December 10, 2012 in Sports

Gonzaga will face steady diet of quality guards

By The Spokesman-Review
 
Associated Press photo

Illinois’s Brandon Paul (3), who scored 35 points against Gonzaga last Saturday, is the first of many talented guards the Zags will face this season.
(Full-size photo)

Guard U is going to see a steady diet of quality guards the rest of this month and when the West Coast Conference season rolls around in January.

After facing the trio of Brandon Paul, Tracy Abrams and D.J. Richardson – all recruited to Illinois by former coach Bruce Weber – the Bulldogs turn their attention to Rodney McGruder, Angel Rodriguez and Will Spradling, Kansas State’s top three scorers and leaders in minutes played under first-year coach Weber. The Zags and Wildcats meet Saturday in the 10th annual Battle in Seattle.

Down the road are Baylor’s tandem of Pierre Jackson and Brady Heslip and Oklahoma State’s Marcus Smart (13.4 ppg), Markel Brown (14.0) and 6-foot-7 Le’Bryan Nash (16.3), who is listed as a guard/forward.

It’s a non-stop set of challenges for Gonzaga, which dedicates a Guard U page in its online media guide to its tradition of standout guards (Stockton, Santangelo, Dickau, Stepp, Raivio, Pargo, Bouldin, etc.).

“It’s going to be a tough month,” sophomore guard Gary Bell Jr. said. “We just have to learn from how we played against Illinois and bounce back.”

Led by Paul’s 35 points, the backcourt trio produced 60 points in Illinois’ 85-74 win over Gonzaga on Saturday, which cost the Bulldogs four spots in both polls. Upon further review, coach Mark Few was not pleased with GU’s defense.

“You walked off the floor and didn’t think we were capable of guarding somebody like Paul, but then you watch the film and we screwed up so many of the ball-screen assignments,” Few said. “On one side that’s encouraging (because the mistakes are correctable), but on the other it’s disappointing. We probably had more game slippage than we’ve had in the other games thus far.

“Probably 80 percent of their (3-pointers) were caused by dribble penetration, and a lot of the dribble penetration was preventable from the proper guy doing his job on the ball screen, either hedging out or trapping. In the flow of the game a lot of times we weren’t doing any of it. We didn’t need to switch on Paul as many times as we did when he was out in non-scoring areas.”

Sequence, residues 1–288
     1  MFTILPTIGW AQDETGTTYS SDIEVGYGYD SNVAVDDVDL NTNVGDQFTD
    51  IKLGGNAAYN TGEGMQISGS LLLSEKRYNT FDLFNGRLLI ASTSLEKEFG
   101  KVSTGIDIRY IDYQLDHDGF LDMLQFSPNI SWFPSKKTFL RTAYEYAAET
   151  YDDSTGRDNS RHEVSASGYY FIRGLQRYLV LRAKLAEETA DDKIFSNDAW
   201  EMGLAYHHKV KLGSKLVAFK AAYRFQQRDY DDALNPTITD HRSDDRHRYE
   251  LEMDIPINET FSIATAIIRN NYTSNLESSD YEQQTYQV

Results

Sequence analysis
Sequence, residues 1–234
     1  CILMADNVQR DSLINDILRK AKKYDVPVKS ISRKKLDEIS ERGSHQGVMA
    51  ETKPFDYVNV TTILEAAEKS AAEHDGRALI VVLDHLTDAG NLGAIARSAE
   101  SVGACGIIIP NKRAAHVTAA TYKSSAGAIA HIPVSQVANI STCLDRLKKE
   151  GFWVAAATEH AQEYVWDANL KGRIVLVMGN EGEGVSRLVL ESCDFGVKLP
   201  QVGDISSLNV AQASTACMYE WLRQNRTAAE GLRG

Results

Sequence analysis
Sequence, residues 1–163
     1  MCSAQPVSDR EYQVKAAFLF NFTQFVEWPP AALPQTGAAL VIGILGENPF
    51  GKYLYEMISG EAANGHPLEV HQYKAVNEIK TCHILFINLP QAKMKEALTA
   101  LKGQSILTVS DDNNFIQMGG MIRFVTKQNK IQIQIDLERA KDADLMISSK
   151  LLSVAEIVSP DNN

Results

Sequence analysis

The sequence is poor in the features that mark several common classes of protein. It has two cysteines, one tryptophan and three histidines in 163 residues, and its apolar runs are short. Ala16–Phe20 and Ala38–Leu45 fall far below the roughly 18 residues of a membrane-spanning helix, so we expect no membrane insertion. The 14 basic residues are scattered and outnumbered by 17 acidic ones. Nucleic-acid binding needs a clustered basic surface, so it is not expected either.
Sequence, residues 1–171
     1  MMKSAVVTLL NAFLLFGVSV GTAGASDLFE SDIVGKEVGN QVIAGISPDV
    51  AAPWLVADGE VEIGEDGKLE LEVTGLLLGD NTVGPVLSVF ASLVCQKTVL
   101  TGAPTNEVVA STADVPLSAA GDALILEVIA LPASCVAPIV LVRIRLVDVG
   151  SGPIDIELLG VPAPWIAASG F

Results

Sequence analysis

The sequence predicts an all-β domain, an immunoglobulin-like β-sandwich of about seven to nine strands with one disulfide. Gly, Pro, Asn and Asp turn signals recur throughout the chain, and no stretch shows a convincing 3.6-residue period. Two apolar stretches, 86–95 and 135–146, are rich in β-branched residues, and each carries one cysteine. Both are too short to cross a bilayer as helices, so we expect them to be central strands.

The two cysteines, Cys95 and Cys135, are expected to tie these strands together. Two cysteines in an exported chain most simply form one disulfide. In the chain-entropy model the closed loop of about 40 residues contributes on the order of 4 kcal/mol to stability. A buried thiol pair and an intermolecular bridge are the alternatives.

The WCC features standout guards, including Saint Mary’s Matthew Dellavedova, the conference’s reigning player of the year; Santa Clara’s Kevin Foster and Evan Roquemore; and Loyola Marymount’s Anthony Ireland.

K-State’s starting guard trio combines to average 32.3 points and 9.5 assists per game.

“You have to keep them in front and make everything difficult for them,” Gonzaga’s Kevin Pangos said. “And it’s a team defense, not just one guy against great players and great athletes like (Paul) that are a hard cover 1-on-1. The whole team has to be involved.”

Sick bay

Junior forward Sam Dower woke up Wednesday morning feeling lousy and not much changed the rest of the week. He was limited to nine minutes against Washington State and three against Illinois.

“They say it’s a respiratory infection,” said Dower, who practiced Monday. “If anything it got worse on Saturday, but I’m feeling a little better. Terrible headaches and really fatigued; it was probably evident on the court. I just wasn’t the same.”

Free throw fixes

Przemek Karnowski took the floor prior to practice and went straight to the free-throw line. The 7-foot-1 freshman center is putting in extra time to try to boost his free-throw accuracy. He’s at 34.4 percent, but he’s connected on 3 of his last 5 dating back to the Pacific game.

“When I was in Europe, I shot like 60 percent,” he said. “I know it’s not excellent, but it’s much better than I’m shooting right now. I’m spending so much time to get my free throws better.”

Coaches have made some adjustments to his routine and technique. Despite averaging just 14.1 minutes, Karnowski is third on the team with 32 free-throw attempts.

Few said Karnowski’s stroke looks smoother and he expects to see gradual improvement.


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